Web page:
Buckeyes nimbly avoid defensive 'explosives'

Rob Oller
Ohio State defensive end Chase Young sacks Northwestern quarterback Aidan Smith during the first quarter in Friday night's game. The Buckeyes defense has allowed only four chunk plays of 30 yards or more this season, after allowing 39 such plays in 2018. [Joshua A. Bickel/Dispatch]

EVANSTON, Ill. — A year ago, Ryan Field would have resembled a crime scene, with yellow caution tape surrounding Ohio State’s defense and white chalk outlining the Buckeyes’ missed tackles.

You know the story by now. Silver Bullets? The 2018 defense shot blanks, allowing big plays and big points — 25.5 per game; a dubious school record.

For Buckeyes fans, the carnage was hard to watch, not only because of the frequency — 39 “chunk plays" of 30 yards or more, including seven of at least 70 yards — but because the perpetrators were not the usual suspects. This was not Alabama, Oklahoma and Clemson slicing up the defense, but Oregon State, Indiana and Maryland.

Ohio State ranked 120th out of 130 FBS teams in long scrimmage plays — 10 yards or more — allowed. Now? The Buckeyes entered Friday’s game against Northwestern tied for 12th. They have not allowed a play longer than 56 yards, and after mauling the Wildcats 52-3, the defense should remain in the top 15 when the dust settles following today’s full slate of games.

Putting the defensive turnaround in perspective, through seven games Ohio State tailback J.K. Dobbins has four runs of 50 yards or more. The Buckeyes defense has allowed their seven opponents only one (56 yards by Nebraska quarterback Adrian Martinez).

Players and coaches avoid talking about last season. Too traumatic. But read between the lines and a picture emerges of a defense that did not know if it was coming or going. So it did neither, frozen in place as running backs and receivers ran free.

“The (big plays) went down because everyone is out there playing freely. We’re not worried about giving up a play or making a play,” cornerback Damon Arnette said after Ohio State limited Northwestern to 47 yards passing — the Wildcats rushed for 157 — and no plays of more than 16 yards.

Arnette’s conclusion echoes what safety Jordan Fuller said earlier in the week.

“You don’t feel like you’re making a one-on-one tackle as much when you have other guys surrounding the ball,” Fuller said. “You feel like you can take your shot.”

The best defenses play fast, which means playing unencumbered mentally by avoiding paralysis by analysis. For whatever reason, whether because of overly complicated schemes or fear of failure — much of that fear having to do with facing unforgiving coaches — the 2018 Buckeyes bombed out defensively.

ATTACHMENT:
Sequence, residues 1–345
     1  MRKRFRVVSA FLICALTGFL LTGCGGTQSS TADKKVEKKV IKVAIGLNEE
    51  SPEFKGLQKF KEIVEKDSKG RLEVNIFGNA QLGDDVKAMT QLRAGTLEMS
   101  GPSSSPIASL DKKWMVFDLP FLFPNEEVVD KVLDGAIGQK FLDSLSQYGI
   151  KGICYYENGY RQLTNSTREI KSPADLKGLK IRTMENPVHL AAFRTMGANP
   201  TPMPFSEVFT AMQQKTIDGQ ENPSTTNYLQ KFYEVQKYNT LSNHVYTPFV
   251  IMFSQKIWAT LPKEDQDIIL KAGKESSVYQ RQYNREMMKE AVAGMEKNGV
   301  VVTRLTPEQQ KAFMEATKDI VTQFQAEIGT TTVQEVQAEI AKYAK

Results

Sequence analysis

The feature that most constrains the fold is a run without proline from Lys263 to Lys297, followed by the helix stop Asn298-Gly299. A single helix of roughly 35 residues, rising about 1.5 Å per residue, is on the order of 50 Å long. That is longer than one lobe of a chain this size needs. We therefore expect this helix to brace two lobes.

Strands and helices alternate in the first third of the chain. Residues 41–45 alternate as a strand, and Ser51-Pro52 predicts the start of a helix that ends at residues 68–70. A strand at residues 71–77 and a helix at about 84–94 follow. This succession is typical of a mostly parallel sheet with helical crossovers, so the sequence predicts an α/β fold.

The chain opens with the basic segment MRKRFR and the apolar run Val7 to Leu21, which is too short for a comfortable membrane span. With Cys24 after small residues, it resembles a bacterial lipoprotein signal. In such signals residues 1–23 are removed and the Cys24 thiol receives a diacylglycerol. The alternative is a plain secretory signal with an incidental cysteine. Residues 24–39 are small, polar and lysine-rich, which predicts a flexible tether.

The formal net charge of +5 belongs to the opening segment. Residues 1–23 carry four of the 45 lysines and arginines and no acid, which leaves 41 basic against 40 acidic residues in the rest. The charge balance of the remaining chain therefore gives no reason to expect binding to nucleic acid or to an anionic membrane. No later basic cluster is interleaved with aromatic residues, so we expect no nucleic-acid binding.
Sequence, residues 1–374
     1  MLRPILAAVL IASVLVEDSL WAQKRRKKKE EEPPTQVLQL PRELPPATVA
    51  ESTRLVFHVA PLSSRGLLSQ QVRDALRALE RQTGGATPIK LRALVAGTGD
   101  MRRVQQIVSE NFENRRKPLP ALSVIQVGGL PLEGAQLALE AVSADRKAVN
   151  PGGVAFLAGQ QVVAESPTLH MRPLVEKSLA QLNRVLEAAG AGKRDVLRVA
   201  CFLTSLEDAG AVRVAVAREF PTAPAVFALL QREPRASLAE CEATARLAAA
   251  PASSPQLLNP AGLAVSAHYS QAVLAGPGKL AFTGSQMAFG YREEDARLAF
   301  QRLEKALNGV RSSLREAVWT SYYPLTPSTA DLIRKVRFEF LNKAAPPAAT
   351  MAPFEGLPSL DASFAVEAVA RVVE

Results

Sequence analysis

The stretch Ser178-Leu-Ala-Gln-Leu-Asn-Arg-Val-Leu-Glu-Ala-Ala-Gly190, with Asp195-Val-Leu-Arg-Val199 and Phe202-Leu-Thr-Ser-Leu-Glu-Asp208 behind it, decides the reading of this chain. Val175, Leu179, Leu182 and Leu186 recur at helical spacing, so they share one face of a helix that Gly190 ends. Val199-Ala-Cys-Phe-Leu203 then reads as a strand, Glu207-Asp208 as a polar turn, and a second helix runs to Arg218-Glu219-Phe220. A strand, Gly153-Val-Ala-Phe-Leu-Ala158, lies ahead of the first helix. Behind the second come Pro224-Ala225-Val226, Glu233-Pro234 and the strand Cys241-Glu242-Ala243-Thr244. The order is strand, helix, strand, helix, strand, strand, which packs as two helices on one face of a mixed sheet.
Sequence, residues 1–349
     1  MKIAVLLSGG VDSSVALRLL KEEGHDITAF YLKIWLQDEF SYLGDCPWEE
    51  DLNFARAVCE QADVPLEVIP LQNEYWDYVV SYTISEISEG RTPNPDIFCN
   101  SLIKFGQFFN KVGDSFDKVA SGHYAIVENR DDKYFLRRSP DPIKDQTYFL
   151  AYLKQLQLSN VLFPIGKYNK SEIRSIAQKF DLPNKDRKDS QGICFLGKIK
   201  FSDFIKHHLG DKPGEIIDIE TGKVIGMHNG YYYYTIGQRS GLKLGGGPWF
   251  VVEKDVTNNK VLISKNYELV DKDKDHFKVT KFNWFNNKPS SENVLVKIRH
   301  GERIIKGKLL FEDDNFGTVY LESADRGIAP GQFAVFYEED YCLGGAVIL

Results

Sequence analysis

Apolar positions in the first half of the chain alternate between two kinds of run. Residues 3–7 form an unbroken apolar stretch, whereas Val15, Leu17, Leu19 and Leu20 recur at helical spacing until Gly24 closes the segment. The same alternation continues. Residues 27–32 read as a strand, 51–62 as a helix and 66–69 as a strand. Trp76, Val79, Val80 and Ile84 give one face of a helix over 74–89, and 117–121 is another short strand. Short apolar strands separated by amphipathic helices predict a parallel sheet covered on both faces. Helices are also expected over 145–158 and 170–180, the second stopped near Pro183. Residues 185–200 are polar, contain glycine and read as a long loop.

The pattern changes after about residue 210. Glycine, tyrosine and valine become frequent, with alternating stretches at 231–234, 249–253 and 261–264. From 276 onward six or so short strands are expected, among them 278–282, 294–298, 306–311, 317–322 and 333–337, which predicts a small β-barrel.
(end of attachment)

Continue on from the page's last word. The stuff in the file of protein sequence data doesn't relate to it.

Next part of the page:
Coach Ryan Day knew things had to change when he took over for Urban Meyer in January. He dipped into the NFL to get defensive co-coordinator Jeff Hafley and wooed linebackers coach Al Washington Jr. and defensive co-coordinator Greg Mattison from Michigan, then sat down to determine what single weakness needed to change.

Conclusion: Limit chunk plays, or “explosives,” as Hafley calls them. Explosives are to defenders what hand grenades are to foxholes. They create a “wait for it” mentality that leads to an expectation of ruin.

“We did a good job again, for the most part,” Hafley said of Friday’s performance. “In the pass game we kept the ball in front of us. And no touchdowns. We always have a goal to get a fourth-quarter shutout. That’s important to us. You could see the older guys were excited when the younger guys went and did that.”

Day and Hafley saw Thursday during practice and at the team hotel how locked in the defense was.

“And when we woke up (Friday) they had a look in their eye. And in the locker room when I addressed them. I felt pretty good about it,” Hafley said. “This group is special. They have an edge. It’s fun to be around them.”

Hafley has talked of how during the offseason the defensive emphasis was on limiting big plays.

“Schematically, the No. 1 thing we talk about — we’ll say it over and over again — is we want to eliminate explosives,” he said.

For that to happen, the defensive coaches focused on lowering risk, even if it resulted in a potentially smaller reward.

“If we think a blitz is really good but there’s potential for it to result in an explosive, we’re not going to put it in,” Hafley said. “Our whole philosophy is we want to make you drive the length of the field. If you can put it in the end zone against us in the red zone, then nice job.”

Other factors that contribute to reducing chunk plays include improved tackling and getting more defenders to the ball. The Buckeyes (7-0) are excelling in both areas. They share the lead nationally in allowing only four chunk plays of 30 yards or more all season.

One year later, few defensive crimes have been committed.


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